July 19, 2016

The Right Type of Retaining Wall for Your Landscape's Soil, Structure, and Serenity


When adding a retaining wall to your landscape, you have the choice between varying materials, design, and methods, but how can you ensure your investment holds up over time?

Each retaining wall is designed to provide form and function for your space, meeting particular architectural needs for shaping, sloping, and elevating the soil. However, they are also perfect for incorporating your personal style, adding dimension, texture, and aesthetic beauty to any area.
Pisa2_retaining_walls_and_fire_pit.jpgConstructing an addition to your property requires time, money, and effort, so you want to avoid the hassle of a poorly built or structurally inappropriate feature in your space. Use this simple guide to determine the most ideal retaining wall for your particular landscape.


  • Oldest and most common method
  • Appropriate for smaller walls under four feet tall, not effective for taller slopes
  • Relies on its thickness and weight for strength and stability against soil pressure
  • Cumbersome and requires a lot of material
  • Can be made out of concrete, stone, brick masonry, or other heavy material
  • Simpler build but requires adhering to a certain weight distribution ratio
  • Becomes unstable and bulges from pressure over time, requiring reconstruction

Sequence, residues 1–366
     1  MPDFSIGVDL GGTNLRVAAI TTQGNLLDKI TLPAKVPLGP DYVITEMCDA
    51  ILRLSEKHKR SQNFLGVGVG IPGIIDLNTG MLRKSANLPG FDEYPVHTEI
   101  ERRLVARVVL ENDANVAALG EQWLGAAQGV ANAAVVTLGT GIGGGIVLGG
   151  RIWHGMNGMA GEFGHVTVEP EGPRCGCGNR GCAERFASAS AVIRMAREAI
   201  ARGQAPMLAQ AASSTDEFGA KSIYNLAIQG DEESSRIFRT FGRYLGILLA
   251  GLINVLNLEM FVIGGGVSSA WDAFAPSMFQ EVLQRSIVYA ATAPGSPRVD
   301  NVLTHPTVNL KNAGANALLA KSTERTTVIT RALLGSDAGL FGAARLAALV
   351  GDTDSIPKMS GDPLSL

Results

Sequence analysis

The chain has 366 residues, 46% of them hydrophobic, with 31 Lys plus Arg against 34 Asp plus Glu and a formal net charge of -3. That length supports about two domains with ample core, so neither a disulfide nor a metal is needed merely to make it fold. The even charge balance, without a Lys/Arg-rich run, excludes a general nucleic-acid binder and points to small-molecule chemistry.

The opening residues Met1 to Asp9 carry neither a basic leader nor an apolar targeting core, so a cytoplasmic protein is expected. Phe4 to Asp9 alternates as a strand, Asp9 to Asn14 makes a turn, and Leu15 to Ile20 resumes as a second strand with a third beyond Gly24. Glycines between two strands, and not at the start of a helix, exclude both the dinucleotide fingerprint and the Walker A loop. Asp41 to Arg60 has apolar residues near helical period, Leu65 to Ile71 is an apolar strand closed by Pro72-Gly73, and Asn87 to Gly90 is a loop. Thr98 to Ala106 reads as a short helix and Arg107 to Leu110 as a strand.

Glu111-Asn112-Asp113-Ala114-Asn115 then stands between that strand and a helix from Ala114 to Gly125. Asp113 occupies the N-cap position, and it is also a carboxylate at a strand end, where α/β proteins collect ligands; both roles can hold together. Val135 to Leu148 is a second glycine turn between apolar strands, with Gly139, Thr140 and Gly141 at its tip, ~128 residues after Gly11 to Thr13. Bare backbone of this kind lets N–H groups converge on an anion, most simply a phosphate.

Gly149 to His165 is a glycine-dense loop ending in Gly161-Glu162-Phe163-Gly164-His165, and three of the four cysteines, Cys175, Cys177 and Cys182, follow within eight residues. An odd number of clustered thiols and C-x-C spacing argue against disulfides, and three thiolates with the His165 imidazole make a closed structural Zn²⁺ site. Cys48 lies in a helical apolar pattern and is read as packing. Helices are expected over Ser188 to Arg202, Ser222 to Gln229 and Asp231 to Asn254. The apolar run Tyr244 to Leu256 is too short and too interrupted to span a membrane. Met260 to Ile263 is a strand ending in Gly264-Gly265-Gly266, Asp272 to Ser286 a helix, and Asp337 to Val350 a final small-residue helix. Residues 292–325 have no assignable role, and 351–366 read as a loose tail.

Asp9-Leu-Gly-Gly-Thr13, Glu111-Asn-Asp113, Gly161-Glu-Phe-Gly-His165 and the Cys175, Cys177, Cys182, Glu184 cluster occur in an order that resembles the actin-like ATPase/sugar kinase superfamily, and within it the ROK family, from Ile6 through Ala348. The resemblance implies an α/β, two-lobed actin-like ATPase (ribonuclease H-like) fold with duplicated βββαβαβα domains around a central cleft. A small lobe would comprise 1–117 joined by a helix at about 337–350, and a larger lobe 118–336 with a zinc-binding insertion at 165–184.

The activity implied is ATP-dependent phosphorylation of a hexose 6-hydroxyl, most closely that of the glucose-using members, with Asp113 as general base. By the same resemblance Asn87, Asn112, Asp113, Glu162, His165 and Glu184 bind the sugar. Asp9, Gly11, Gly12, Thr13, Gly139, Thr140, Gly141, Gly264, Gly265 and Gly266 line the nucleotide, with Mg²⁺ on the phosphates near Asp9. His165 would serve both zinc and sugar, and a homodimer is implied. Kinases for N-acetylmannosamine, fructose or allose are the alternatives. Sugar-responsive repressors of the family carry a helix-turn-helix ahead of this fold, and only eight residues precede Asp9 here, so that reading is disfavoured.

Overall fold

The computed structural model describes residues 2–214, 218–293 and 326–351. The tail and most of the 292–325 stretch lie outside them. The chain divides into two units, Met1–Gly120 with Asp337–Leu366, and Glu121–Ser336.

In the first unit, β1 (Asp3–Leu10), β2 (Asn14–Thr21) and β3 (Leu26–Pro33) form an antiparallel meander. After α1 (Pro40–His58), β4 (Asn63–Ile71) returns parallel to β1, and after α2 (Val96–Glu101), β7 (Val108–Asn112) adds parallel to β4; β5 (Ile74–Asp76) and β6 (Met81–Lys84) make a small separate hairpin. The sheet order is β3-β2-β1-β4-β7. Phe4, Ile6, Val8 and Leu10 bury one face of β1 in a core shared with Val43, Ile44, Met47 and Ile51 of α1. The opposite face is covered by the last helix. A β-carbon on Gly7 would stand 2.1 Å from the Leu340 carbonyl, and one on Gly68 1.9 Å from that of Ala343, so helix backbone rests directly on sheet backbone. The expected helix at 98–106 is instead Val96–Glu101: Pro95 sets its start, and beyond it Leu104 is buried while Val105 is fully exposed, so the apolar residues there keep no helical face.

• Can support significant pressure and tall slopes
  • Must be built into a firm foundation
  • Uses much less material than gravity walls
  • Made from steel-reinforced concrete or mortared masonry
  • Complex and specific design that is crucial for properly resisting pressure

IMG_5190.jpgSheet Pile

  • Also known simply as "piling"
  • Used on soft soils and in tight spaces
  • Made from vinyl, steel, or wood planks
  • Taller walls will require the addition of a tieback anchor to stay in place
  • Bored pile is an alternative with a much quieter installation process
  • Important to construct correctly to ensure wall will resist pressure


  • Similar to piling but with the added strength of reinforcement cables or stays
  • Anchors are ideal for resisting heavy loads and forceful elements
  • Perfect for tight areas that require a thin, but durable wall
  • Technically complex compared to other methods

Adding a retaining wall to your landscape provides your property with an abundance of benefits. Not only will you maintain your desired structure and foundation, but a retaining wall is a simple, functional way to add style and decor to your space.

However you decide to design your landscape, guarantee the durability and longevity of your investment by contacting Green Impressions for a free consultation today.


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